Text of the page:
Dr. Mark J. Bamberger, Esq., Chairperson
DBA Environmental Law Committee
Tree Hugger! Bleeding-heart Liberal! Animal Liberationist! It goes on and on. Many people have certain perceptions of those of us who practice in the area of environmental law. Coming from a scientific and environmental background, this author has heard them all. Although at times true, these monikers are often misleading. In many cases, environmental law practitioners also practice in other areas. In fact environmental issues often impinge on other areas of law; including property, contracts, corporate law, bankruptcy, family law, estate planning, and the environmental subset of animal law, to name a few.
There are environmental issues everywhere. It is not hard to find them. In the corporate world, the areas of property acquisitions and mergers commonly have to deal with potentially contaminated real estate. Before a bank gives a loan (especially in the current economy), they have to know that the property does not have unreasonable environmental concerns, such as contaminated waste, groundwater, or residual air pollution. Such work is typically accomplished through completion of a Step I site assessment. If concerns arise, further Step II and possible remedial Step III work might be indicated before the property is certified as viable for purchase.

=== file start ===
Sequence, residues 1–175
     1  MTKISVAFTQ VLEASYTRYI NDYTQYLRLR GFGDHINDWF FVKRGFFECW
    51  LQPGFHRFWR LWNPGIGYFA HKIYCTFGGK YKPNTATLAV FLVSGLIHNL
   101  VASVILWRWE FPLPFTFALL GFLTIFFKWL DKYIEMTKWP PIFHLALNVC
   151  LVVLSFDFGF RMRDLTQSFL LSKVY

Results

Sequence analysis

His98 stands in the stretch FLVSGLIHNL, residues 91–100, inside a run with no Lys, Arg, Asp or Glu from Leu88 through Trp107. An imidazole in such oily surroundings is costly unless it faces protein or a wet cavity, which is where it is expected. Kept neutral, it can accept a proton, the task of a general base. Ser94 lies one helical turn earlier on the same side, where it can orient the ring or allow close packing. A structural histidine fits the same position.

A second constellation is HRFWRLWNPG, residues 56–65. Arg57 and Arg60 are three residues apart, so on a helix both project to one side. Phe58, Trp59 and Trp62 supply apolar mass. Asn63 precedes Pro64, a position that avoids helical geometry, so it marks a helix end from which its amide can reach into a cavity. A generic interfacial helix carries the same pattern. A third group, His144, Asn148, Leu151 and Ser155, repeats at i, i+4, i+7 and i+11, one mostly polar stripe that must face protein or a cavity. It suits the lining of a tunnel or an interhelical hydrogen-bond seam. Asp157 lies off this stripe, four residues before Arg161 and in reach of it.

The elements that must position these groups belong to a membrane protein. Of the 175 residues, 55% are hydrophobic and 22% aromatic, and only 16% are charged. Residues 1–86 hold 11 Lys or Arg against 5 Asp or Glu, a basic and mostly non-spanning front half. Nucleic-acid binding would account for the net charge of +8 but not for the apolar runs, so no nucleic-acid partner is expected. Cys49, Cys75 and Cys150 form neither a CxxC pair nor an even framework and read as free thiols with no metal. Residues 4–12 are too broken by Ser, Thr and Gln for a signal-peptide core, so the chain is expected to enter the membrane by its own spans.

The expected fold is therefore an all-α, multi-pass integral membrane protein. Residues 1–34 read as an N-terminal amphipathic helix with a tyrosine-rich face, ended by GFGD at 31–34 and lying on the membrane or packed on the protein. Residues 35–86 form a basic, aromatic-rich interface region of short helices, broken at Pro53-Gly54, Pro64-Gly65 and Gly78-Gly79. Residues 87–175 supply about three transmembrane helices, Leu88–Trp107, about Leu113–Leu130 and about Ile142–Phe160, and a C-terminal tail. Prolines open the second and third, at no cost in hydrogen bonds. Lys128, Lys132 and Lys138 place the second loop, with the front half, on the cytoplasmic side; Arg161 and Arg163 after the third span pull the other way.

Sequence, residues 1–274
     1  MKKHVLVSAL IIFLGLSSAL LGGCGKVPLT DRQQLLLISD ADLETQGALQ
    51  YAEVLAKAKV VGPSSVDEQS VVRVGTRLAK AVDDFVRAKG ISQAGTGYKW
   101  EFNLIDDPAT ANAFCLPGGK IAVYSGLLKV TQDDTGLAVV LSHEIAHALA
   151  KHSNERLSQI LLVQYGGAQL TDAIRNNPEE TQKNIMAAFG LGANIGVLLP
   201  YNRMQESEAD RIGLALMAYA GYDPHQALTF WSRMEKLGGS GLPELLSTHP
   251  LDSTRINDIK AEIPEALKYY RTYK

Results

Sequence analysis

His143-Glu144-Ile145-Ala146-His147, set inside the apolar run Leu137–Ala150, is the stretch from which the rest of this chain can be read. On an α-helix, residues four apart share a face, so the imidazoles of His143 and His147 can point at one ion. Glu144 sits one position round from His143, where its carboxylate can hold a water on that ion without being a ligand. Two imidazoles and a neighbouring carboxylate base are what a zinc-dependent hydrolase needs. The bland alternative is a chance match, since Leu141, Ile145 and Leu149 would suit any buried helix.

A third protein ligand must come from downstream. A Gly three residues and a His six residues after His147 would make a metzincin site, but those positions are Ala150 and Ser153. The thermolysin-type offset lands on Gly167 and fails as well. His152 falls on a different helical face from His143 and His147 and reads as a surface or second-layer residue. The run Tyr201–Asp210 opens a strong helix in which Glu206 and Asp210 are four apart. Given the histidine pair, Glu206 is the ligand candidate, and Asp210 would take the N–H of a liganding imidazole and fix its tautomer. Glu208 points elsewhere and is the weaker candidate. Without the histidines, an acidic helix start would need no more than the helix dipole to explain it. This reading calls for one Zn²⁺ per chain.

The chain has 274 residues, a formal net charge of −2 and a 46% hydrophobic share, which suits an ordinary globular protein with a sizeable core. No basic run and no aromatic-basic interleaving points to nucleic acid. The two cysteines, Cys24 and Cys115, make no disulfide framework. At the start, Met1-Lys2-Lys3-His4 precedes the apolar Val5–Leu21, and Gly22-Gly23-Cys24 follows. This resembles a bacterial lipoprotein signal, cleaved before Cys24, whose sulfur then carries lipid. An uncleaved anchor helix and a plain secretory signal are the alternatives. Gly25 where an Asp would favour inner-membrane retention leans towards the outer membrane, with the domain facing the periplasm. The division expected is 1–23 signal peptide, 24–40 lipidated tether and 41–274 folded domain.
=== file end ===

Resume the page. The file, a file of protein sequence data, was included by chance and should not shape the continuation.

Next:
In many instances, the corporate bankruptcies that my law firm complete have environmental concerns related to the industry being sold or transferred. In some cases, detailed site and record inspections are necessary to delve into the history of the subject parcel; be it a former factory, gas station, storage facility, or the like. Even in personal Chapter 7 or 13 bankruptcies, there may have been some business concern, such as a dry cleaner, small manufacturing plant, or a car mechanic’s garage that must be scrutinized for potential environmental implications. At times this is more a practice in history than in legal analysis.2
If a contract is to be signed for property, similar concerns often arise. It takes a trained environmental consultant or attorney to identify these often-hidden hazards. Even if no environmental waste issues are involved, partners going into a business venture have to be wary of the potential waste production aspects of their business. Storage of even a small amount of “hazardous waste”3, in and of itself, can trigger regulatory inspections and reporting under massive regulatory programs at the state and/or federal level.